monsters, superpower human beings, supernatural elements
capture our imagination. Here are some of the latest in
Knopf; August 2003
Here's a great big fantasy that you can pull over your head
like a comfy old sweater and disappear into for a whole
weekend. Christopher Paolini began Eragon when he was just
15 and the book shows the influence of Tolkien, of course,
but also Terry Brooks, Anne McCaffrey, and perhaps even
Wagner in its traditional quest structure and the generally
agreed-upon nature of dwarves, elves, dragons, and heroic
warfare with magic swords. Eragon, a young farm boy, finds
a marvelous blue stone in a mystical mountain place. Before
he can trade it for food to get his family through the hard
winter, it hatches a beautiful sapphire-blue dragon, a race
thought to be extinct. Eragon bonds with the dragon, and
when his family is killed by the marauding Ra'zac, he discovers
that he is the last of the Dragon Riders, fated to play
a decisive part in the coming war between the human but
hidden Varden, dwarves, elves, the diabolical Shades and
their neanderthal Urgalls, all pitted against and allied
with each other and the evil King Galbatorix. In spite of
the engrossing action, this is not a book for the casual
fantasy reader. There are 65 names of people, horses, and
dragons to be remembered and lots of pseudo-Celtic places,
magic words, and phrases in the Ancient Language as well
as the speech of the dwarfs and the Urgalls. But the maps
and glossaries help, and by the end, readers will be utterly
dedicated and eager for the next book, Eldest.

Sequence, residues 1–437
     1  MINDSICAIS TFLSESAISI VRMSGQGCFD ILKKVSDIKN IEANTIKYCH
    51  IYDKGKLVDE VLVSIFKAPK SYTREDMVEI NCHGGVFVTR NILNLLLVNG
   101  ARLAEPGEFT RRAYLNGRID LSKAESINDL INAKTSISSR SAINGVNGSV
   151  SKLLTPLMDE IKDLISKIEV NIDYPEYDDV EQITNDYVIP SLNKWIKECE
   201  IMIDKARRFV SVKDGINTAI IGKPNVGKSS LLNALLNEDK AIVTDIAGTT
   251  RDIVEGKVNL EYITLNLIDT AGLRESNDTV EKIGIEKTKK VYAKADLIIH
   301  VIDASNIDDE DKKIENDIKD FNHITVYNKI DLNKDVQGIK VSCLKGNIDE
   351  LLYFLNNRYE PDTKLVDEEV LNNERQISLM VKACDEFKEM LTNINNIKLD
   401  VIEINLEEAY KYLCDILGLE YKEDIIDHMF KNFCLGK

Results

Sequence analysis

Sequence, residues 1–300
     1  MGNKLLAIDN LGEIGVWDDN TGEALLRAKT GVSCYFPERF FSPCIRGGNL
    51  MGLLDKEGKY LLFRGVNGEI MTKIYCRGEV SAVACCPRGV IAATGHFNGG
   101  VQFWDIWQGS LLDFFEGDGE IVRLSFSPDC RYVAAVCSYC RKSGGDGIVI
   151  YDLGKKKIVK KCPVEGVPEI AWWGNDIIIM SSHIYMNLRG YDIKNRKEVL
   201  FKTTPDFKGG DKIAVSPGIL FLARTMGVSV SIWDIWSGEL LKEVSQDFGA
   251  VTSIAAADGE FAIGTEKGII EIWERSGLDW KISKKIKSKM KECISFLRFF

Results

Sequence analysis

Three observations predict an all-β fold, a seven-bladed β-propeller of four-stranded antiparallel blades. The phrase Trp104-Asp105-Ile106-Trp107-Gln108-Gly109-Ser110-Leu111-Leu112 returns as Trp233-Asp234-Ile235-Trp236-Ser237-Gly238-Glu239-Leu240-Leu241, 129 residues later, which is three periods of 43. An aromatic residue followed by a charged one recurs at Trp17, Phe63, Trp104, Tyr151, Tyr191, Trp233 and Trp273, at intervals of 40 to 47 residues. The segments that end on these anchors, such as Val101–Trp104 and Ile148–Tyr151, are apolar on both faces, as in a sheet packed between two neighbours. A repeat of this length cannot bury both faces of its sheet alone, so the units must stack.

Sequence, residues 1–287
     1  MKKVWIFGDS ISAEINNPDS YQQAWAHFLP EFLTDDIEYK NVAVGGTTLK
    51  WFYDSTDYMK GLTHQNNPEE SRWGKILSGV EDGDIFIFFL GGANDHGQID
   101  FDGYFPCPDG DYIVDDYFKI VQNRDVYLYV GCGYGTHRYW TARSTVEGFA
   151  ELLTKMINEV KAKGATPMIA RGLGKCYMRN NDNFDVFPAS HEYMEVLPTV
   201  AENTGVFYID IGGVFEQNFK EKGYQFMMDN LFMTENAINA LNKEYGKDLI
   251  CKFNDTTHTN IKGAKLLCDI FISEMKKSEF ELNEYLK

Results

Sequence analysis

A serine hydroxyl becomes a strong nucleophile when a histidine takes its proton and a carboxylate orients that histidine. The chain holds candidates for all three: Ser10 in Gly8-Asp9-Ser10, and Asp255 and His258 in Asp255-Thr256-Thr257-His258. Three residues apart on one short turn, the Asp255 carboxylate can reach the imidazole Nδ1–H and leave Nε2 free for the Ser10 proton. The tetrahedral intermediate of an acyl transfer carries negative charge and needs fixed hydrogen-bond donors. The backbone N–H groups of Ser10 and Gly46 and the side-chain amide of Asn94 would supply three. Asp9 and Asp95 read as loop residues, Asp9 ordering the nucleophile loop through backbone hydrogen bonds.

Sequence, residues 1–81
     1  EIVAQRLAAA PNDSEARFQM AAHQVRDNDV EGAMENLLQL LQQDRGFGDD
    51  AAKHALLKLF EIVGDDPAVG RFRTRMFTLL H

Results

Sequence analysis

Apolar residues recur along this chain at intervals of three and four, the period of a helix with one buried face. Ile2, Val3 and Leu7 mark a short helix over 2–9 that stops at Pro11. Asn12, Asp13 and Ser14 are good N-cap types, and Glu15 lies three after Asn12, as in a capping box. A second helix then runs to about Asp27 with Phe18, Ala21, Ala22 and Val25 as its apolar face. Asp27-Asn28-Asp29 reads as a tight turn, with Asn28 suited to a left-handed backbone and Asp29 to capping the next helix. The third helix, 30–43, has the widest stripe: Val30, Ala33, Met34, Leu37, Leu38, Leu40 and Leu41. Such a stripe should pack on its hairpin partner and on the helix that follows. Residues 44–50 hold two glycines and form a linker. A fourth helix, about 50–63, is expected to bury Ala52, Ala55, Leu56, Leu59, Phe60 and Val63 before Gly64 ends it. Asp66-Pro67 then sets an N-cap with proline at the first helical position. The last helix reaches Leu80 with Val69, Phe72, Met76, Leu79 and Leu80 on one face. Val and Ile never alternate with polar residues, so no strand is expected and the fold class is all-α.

Laure Leaf; September 2002
Praise and controversy precede this powerful story of a
boy confronting the hidden truth about his futuristic society.
Winner of the 1994 Newbery Award, Lowry's story sparks emotion
and response from adults and children alike. This is a compelling
prospect for family listening. Initially Rifkin's voice
seems too regional to portray the characters of this utopian
world, but he convincingly conveys the anticipation of the
coming-of-age ceremony of Jonas and his friends. As the
meaning of Jonas' selection as "Receiver of Memory"
unfolds, Rifkin's characterizations become more powerful.
Although the story drives the presentation, Rifkin's juxtaposition
of the young boy and the old Giver has tremendous effect.
His voice for the Giver becomes increasingly weary and strained
while Jonas' gains strength. Sharing this book in a family
or a classroom offers a valuable opportunity to respond
to and discuss Lowry's moving novel.
Miramax; October 2003
From the author of the best selling Artemis Fowl series
comes a heartwarming tale of a young girl who is given a
gift--the chance to right her wrongs, and discover the true
meaning of life. Meg Finn is in unearthly trouble. Cast
out of her own home by her stepfather after her mom's death,
Meg is a wanderer, a troublemaker. But after her latest
stunt, finding a place to sleep is the lead of her worries.
Belch, Meg's partner in crime, has gotten her involved in
an attempt to rob an old man's apartment, and things have
gone horribly wrong! With laughs and chills, The Wish List
is an exciting tale of life, death, and unexpected hereafter.